Originally published by BetaShares
Although the Reserve Bank of Australia has kept official short-term interest rates steady since August last year, it may surprise some investors to know that returns from Australia’s traditional fixed-income asset class – comprised largely of Australian government bonds – have been negative over this period. By contrast, returns from a narrower index of corporate bonds, and especially floating-rate bonds, have been far better. These results highlight the fact that supposedly relatively “safe” investments are not always as reliable as some investors may imagine.
The past year has witnessed some divergent trends in the Australian cash and bond markets. As seen in the charts below, although the RBA left the official short-term cash rate on hold, the yield on Australian fixed-rate government bonds tended to rise – which in turn reflected reduced market expectations of further monetary policy easing in Australia and higher US bond yields.
By contrast, as seen in the charts below, continued good growth in the global (and to some extent Australian) economy – and the fact that the overall level of global interest rates still remained relatively low – led to further downward pressure on corporate credit spreads over the past year, as investors continued to search for yield. The combination of higher government bond yields but narrower credit spreads led to a smaller net increase in corporate fixed-income bond yields.
As we have previously discussed, due to the fixed nominal income payments offered by fixed-rate bonds, higher market yields must be reflected in lower market prices for such bonds – resulting in potential for negative capital returns whenever yields rise. What’s more, the sensitivity of fixed-rate bond prices to changes in interest rates, increases with the bond’s term to maturity.
Due to their fixed-rate nature and relatively long duration, therefore, it should be no surprise that the larger rise in government bond yields over the past year hurt returns from government bonds the most. Indeed, the Bloomberg Treasury Bond Index (comprised only of Australian Government bonds), produced a negative 2% return over the twelve months to end-August 2017.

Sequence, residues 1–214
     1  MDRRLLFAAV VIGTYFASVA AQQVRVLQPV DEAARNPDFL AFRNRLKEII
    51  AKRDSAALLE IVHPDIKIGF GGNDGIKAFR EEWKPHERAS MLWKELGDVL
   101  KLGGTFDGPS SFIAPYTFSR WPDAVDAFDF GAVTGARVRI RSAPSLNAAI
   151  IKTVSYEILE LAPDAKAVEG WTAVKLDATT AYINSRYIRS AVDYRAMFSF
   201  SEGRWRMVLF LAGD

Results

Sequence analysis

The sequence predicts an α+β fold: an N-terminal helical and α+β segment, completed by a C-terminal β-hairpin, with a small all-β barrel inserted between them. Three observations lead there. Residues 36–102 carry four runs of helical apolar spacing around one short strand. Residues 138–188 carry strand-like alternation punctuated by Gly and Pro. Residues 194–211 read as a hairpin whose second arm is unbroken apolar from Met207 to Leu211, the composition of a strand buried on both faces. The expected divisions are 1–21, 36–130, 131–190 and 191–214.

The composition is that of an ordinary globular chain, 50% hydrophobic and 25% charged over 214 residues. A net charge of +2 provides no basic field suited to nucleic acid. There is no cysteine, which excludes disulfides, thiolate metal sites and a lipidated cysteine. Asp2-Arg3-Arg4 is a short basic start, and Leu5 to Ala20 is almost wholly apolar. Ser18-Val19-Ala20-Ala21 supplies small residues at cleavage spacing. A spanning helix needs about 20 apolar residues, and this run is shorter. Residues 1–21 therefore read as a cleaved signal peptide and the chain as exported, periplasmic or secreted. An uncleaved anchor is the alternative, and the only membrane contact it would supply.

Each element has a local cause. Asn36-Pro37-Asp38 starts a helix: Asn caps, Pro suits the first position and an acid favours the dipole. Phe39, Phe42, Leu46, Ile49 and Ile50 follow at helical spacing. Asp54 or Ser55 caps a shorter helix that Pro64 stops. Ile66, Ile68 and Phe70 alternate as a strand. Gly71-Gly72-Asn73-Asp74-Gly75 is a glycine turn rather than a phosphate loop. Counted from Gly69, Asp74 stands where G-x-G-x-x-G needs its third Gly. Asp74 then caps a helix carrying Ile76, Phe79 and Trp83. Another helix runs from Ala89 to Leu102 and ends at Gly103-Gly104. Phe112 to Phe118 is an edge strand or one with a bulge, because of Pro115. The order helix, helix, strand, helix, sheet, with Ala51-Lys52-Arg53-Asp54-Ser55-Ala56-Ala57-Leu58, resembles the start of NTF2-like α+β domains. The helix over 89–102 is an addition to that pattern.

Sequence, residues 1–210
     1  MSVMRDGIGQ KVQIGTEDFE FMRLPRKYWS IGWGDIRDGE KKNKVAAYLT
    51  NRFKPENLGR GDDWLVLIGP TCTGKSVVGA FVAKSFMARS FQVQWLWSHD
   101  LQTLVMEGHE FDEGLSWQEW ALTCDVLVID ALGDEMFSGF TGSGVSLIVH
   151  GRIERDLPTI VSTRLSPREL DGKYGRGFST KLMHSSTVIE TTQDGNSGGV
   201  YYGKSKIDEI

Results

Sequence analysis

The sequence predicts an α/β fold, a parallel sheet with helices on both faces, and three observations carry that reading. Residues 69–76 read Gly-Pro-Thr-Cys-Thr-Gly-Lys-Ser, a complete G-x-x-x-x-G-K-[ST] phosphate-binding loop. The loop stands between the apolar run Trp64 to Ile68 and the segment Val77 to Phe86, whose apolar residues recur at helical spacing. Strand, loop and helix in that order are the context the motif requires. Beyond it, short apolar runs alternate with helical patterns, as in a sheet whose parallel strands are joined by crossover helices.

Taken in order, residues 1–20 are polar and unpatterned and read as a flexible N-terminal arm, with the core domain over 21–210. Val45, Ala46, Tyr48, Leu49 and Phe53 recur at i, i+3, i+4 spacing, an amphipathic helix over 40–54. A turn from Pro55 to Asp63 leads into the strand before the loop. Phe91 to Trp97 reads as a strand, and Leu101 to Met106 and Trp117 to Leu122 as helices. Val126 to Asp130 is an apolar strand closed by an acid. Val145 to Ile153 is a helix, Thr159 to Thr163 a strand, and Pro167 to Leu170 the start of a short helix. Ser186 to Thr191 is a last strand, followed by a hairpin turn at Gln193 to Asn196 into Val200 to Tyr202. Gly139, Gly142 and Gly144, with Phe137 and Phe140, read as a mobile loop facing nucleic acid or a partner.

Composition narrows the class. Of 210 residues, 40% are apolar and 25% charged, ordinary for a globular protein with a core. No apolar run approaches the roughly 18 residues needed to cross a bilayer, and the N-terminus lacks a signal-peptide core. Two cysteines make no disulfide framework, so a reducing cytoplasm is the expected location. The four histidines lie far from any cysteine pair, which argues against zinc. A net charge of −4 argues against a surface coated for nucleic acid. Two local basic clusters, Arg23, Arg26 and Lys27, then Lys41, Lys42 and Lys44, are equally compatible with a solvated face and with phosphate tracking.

So much for the “safety” of government bonds!
Source: Bloomberg. * Solactive Australian Bank Senior FRB Index. You cannot invest directly in an Index, and total return figures shown do not include QPON’s fees and expenses. Inception date of QPON’s Index is 30 May 2017 and data prior to this date has been simulated and may not be reflective of actual results. Past performance whether simulated or actual is not indicative of future performance.
Because the yield on fixed-rate corporate bonds rose by less than for government bonds – and also because corporate fixed-rate bonds tend to be of shorter duration (hence are less sensitive to market interest rate changes), the capital loss over the year on the Bloomberg Corporate Bond Index was less than that for the Treasury Index, allowing the former to produce a better total return of 2.2%.
All up, reflecting the combination of returns from both government and corporate fixed-rate bonds, the Bloomberg AusBond Composite Bond Index (BACI) – the benchmark measure of Australian fixed-rate returns – produced a negative return of 0.66% over this period.
Floating-rate bonds (FRBs) have over the past year enjoyed stronger returns than both government and corporate fixed-rate bonds. Indeed the Solactive Australian Bank Senior FRB Index returned 3.8% over the twelve months to end-August 2017.
How so? As we have previously explained, the capital value of FRBs is less sensitive to loss (gain) arising from a higher (lower) level of general interest rates – because a key component of their regular nominal interest payment adjusts to the prevailing level of rates*. Indeed, higher interest rates – and specifically higher short-term interest rates – results in a lift in nominal income returns from FRBs, and vice versa. That should be somewhat reassuring for investors given that interest rates locally remain quite low and seem likely to rise if we start to look ahead.
What’s more, because FRBs also offer an additional fixed nominal interest rate payment (set by credit spreads at their date of issuance), their capital value over the past year was positively influenced by a decline in market-determined credit spreads*. Accordingly, QPON’s Index produced a total return of almost 4%, somewhat higher than the starting yield of around 2.7%.
*To be specific, in the case of senior bank FRBs in which the QPON ETF invests, payments are partly variable and partly fixed. The variable component of their quarterly interest payment is based on the prevailing market-determined interest rate at which banks agree to lend each other funds over the following 30-day time period (known as the 30-day bank bill swap rate, or BBSW). In addition, these bonds also pay a fixed interest-rate margin over BBSW that is fixed at the date of bond issue and reflects the bond’s maturity and the prevailing market assessed “credit risk” associated with each issuer bank.
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